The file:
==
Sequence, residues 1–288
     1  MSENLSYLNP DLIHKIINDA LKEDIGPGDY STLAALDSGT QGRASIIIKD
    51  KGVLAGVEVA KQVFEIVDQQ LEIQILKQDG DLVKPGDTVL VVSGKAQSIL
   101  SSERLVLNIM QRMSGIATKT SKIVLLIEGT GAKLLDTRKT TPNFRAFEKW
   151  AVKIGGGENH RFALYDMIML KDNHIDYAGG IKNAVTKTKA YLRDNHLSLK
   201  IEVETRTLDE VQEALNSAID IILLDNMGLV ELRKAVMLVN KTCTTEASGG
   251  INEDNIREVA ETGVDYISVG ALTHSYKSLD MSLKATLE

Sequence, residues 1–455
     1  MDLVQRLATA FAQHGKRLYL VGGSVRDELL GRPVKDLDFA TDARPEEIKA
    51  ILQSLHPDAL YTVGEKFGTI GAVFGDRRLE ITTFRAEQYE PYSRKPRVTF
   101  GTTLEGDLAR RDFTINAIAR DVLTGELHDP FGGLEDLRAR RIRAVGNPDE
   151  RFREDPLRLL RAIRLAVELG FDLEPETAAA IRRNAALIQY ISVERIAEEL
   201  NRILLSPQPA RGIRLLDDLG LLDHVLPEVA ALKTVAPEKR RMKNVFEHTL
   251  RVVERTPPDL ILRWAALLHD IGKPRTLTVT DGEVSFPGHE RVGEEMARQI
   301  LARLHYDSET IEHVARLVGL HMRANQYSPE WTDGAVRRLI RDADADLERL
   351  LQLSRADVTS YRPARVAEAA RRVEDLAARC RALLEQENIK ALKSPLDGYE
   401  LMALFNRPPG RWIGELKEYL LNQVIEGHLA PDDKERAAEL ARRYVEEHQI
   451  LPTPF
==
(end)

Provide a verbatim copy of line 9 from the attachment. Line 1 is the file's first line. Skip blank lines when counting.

     1  MDLVQRLATA FAQHGKRLYL VGGSVRDELL GRPVKDLDFA TDARPEEIKA